by Aziz Abbas
Remember the days when you would just go to the cinema for the sake of it and not worry about the price of the ticket or even if the film was critically acclaimed? Remember when the idea of seeing Godzilla on the big screen was something that seemed like a humourous, ‘just for fun’ event? Heck, remember when you could go to the cinema without worrying about a pandemic? Well if those days spark nostalgia for you, think back no more because you have been called back to the cinema for some good times (at least in Australia).
The fourth film in Legendary Pictures’ Monsterverse series, Godzilla vs. Kong is directed by Adam Wingard and is the sequel to Godzilla: King of the Monsters and Kong: Skull Island. In his first blockbuster, Wingard teams up with Cinematographer Ben Seresin (Transformers: Revenge of the Fallen, World War Z) and composer Tom Holkenborg (otherwise known as Junkie XL – with a long list of film scores including Terminator: Dark Fate, Divergent, Mad Max: Fury Road) to create a loud, visually explosive thrill ride that packs a mean punch. As the title suggests, the film essentially revolves around a series of battles between Godzilla and King Kong and those battles are delivered in spades with a seemingly no expense spared CGI budget.
The film opens with a quick rundown of where we have been with the last two films which is helpful to viewers new to the franchise. It has been three years since Godzilla last tormented the world and people are nervous. From here we are introduced to Skull Island, the home of Kong where scientist Dr Ilene Andrews (Rebecca Hall) continues to study him along with her adopted daughter Jia (Kaylee Hottle). On the other side of the world, we have those at Apex Corporation, chaired by Walter Simmons (Demian Bichir), who are looking to understand and resolve the Titan troubles of the world.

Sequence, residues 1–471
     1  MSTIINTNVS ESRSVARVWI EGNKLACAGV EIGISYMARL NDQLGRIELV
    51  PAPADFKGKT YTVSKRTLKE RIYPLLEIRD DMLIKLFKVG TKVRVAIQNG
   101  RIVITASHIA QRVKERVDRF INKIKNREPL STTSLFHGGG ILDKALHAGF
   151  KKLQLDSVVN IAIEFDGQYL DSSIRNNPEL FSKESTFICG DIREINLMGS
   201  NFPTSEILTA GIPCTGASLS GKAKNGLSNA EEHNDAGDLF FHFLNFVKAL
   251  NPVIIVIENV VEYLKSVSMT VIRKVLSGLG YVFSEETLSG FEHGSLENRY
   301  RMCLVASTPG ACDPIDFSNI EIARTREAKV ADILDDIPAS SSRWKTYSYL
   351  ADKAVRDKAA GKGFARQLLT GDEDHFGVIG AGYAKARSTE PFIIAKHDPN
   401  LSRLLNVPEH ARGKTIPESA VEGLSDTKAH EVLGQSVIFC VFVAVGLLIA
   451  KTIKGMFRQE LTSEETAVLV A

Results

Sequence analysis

Simmons meets with Dr Nathan Lind (Alexander Skarsgård), who convinces the geologist to travel to Skull Island and relocate Kong to the centre of the earth. Simmons has devised a way to journey to the area known as Hollow Earth to access an energy source similar to the power Godzilla utilises so they might defeat him. As fate would have it, only Kong can show them the way. On the journey, Dr Andrews grows nervous Godzilla will sense Kong’s presence and seek to attack. There can only be one Titan on this planet.
If the plot sounds as though it takes a long time to get started, it does. We’re here to see some monster fighting and if there is a detraction throughout the entirety of this film, it is the time that involves the human stories. Sure, it helps with the context and setting the scene on why Kong is where he is, but like every mother nature tragedy, it is the human interference that creates the problems. There is even a subplot that follows some conspiracy theorists (led by an underwhelming Millie Bobby Brown (Stranger Things)) who seek to discover truths behind Apex’s mission to the centre of the earth. They embark on an unbelievable and preposterous journey where they have unbelievable and preposterous odds of getting the answers they seek. But while the performances of the ensemble range from decent to passable, it is Kong and Godzilla that steal the show.
Wingard and Seresin have diverted a lot of the film’s budget to the CGI and it shows. The entire sequence and depiction of the journey to and through Hollow Earth is quite stunning. The battle scenes that take place over land and water also leave one in awe particularly the climactic battle scene over downtown Hong Kong which provide thrilling lighting and pyrotechnics. The facial and body details of our titular ‘anti-heroes’ are nothing short of exquisite. We can see facial expressions and musculature in great detail which enhances the experience like no other film in the franchise has achieved before. Coupled with powerful sound editing and an equally punchy score, the technical aspects of this film make this one of the must-see cinematic experiences this year.
A gloriously absurd ride that will leave true fans giddily satisfied and the rest of us catching our breath, Godzilla vs. Kong is a visual and aural treat. But it’s not to be taken too seriously. Remember this trip to the cinema is just for fun.
Godzilla vs. Kong is in Australian cinemas now.
Be the first to leave a review.